ICCWC donors

The following donors have generously provided funds to support the coordination and implementation of the ICCWC Strategic Programme 2016-2020:

European Union (13.5m EUR)

Supports a broad range of activities to prevent and address wildlife trafficking in key source, transit and destination countries by focusing on coordinated law enforcement and criminal justice system measures, including: the implementation of ICCWC Wildlife and Forest Crime Analytic Toolkit, resulting recommendations and the ICCWC Indicator Framework for Combating Wildlife and Forest Crime; capacity building across a number of areas, such as training in the use of wildlife forensic science, implementation of anti-corruption measures and strategies; specialized investigation techniques; regional and global law enforcement activities and operations and law enforcement mentorship programmes. The contribution also co-funds the convening of the CITES Task Force on illegal trade in specimens of listed trees species, as well as supports key short- and medium-term actions to respond to the challenges posed by wildlife crime in light of COVID-19. The contribution facilitates strengthened synergies with other European Union responses to wildlife and forest crime, to address the entire illicit supply chain and mobilize all relevant stakeholders.   

France (235,000 EUR)

Contributes to the implementation of recommendations of the ICCWC Toolkit; targeted activities to disrupt criminal networks; the implementation of the ICCWC Indicator Framework in Guinea; as well as a range of decisions emanating from CITES CoP18. The contribution also co-funds the convening of the CITES Task Force on illegal trade in specimens of listed trees species and has supported the convening of a Wildlife Inter-Regional Enforcement Meeting (WIRE) for Customs Officers and a Regional Investigative and Analytical Case Meeting (RIACM) with both meetings connecting African and Asian investigators discussing strategic and tactical wildlife crime responses.  

Germany (400,000 EUR)

The German contribution supported activities in Mozambique and Uganda. In particular, in Mozambique, support focused on capacity building efforts, through the development and roll out of a Rapid Reference Manual for prosecutors and investigators of wildlife crime and a bench book for judges. In Uganda, the contribution supported the implementation of the ICCWC Toolkit and ICCWC Indicator Framework, as well as the development of a Rapid Reference Guide for prosecutors and investigators of wildlife crime.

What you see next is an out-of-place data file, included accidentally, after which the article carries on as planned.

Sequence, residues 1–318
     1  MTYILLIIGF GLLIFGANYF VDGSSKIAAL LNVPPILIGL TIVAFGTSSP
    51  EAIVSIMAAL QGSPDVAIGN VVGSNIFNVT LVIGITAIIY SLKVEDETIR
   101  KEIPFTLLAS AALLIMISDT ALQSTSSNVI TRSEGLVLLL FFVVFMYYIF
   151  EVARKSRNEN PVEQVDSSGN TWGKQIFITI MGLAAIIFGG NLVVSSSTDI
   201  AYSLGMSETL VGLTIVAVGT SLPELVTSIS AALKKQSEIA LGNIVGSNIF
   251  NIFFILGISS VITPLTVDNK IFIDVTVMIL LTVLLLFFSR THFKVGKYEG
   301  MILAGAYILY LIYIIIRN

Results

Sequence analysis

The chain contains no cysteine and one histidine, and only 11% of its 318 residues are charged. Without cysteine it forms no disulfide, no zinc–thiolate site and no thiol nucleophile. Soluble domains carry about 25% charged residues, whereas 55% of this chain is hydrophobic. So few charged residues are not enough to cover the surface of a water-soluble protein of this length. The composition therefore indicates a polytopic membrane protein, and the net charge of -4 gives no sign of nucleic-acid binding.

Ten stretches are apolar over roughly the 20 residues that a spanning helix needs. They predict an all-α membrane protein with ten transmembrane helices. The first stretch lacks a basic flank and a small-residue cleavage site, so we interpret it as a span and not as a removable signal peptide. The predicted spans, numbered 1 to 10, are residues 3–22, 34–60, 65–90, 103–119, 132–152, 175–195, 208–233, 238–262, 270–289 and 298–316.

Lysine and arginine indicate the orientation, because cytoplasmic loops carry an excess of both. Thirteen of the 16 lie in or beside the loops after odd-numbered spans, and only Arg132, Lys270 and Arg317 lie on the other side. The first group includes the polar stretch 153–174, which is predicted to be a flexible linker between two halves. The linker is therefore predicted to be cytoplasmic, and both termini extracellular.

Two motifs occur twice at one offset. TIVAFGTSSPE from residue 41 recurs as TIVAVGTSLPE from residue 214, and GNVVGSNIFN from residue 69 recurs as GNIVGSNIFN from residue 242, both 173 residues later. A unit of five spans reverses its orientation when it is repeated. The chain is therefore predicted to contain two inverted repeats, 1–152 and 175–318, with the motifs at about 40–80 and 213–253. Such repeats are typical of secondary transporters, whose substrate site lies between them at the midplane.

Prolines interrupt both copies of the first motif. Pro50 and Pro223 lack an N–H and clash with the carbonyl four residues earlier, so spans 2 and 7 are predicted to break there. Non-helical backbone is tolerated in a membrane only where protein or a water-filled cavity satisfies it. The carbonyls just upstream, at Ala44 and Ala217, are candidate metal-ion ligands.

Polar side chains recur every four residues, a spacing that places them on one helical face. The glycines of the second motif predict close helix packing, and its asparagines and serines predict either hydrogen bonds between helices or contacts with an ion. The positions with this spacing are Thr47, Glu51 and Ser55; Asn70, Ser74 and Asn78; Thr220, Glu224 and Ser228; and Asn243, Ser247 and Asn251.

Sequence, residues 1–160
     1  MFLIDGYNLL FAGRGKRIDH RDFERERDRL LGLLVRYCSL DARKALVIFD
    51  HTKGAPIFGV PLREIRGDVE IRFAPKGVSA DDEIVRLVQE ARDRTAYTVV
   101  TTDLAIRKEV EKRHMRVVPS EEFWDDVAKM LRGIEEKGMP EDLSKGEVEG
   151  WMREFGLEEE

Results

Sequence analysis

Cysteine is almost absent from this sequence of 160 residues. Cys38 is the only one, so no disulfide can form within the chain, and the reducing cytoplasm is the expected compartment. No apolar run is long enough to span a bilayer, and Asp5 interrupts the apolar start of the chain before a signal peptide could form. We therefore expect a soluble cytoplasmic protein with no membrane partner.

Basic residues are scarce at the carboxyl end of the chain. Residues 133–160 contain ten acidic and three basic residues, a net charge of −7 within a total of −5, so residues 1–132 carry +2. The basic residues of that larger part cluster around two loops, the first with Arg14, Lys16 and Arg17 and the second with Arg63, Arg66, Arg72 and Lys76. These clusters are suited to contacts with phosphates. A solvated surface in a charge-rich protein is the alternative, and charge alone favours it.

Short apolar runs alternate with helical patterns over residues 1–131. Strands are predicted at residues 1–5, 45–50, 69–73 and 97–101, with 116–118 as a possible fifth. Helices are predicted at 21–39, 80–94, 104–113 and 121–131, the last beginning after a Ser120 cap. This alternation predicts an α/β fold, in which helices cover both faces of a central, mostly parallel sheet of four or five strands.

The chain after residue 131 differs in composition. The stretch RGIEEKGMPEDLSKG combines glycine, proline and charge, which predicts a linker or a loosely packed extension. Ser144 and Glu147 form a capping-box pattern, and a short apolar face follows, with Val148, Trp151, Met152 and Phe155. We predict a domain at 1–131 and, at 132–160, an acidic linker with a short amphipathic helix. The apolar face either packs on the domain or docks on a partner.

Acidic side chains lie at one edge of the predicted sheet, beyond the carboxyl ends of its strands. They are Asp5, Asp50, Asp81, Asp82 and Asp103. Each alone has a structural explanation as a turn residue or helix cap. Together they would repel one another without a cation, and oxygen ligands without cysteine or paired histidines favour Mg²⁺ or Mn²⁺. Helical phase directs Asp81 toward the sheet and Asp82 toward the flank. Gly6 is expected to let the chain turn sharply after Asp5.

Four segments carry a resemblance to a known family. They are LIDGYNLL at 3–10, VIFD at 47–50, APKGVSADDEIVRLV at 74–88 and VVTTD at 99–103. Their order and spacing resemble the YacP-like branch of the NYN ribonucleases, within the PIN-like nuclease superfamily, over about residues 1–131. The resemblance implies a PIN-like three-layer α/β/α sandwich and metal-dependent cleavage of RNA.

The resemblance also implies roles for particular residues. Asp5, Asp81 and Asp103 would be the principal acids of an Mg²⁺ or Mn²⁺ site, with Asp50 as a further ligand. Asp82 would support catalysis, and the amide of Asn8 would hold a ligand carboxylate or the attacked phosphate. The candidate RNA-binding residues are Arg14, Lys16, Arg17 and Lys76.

Principality of Monaco (200,000 EUR) 

Contributed to the development of the West and Central Africa Wildlife Crime Threat Assessment, and the ongoing targeted support to address wildlife crime across the two subregions. The contribution also co-funds the convening of the CITES Task Force on illegal trade in specimens of listed trees species; targeted law enforcement activities, as well as co-funding the implementation of CITES CoP18 Decisions, including the annual illegal trade reports. 

United Kingdom of Great Britain and Northern Ireland (4m GBP) 

Supports a broad range of activities, including the implementation of the ICCWC anti-money laundering training programme; the implementation of the ICCWC Toolkit and Indicator Framework, as well as the resulting recommendations; the convening of the CITES National Ivory Action Plan (NIAP) Task Force; the co-funding  of the CITES Task Force on illegal trade in specimens of listed trees species, training on corruption risk identification and the development of corruption risk mitigation strategies; capacity building on crime scene investigation and specialized investigations techniques; regional workshops and mentorship programmes for prosecutors; as well as co-funding the implementation of several CITES CoP18 Decisions.

 

 

United States of America (960,000 USD) 

Supports law enforcement cooperation and strengthened collaboration amongst Wildlife Enforcement Networks (WENs) including through the development and implementation of the ICCWC Guidelines for WENs and the convening of the 3rd Global meeting of the WENs (2019). Further follow up actions focused on the strengthening of WENs, such as SudWEN and HAWEN are also supported, in addition to operational support and capacity building elements, particularly customs risk assessments and profiling, targeting the illegal wildlife trade across Latin America.   

Click on the infographics below to learn more about the use of donor funding in the coordination and implementation of the ICCWC Strategic Programme 2016-2020.

       

       Previous Donors to ICCWC (2010-2016) 

 

ICCWC would like to thank all of the above donors for their support towards combating wildlife crime.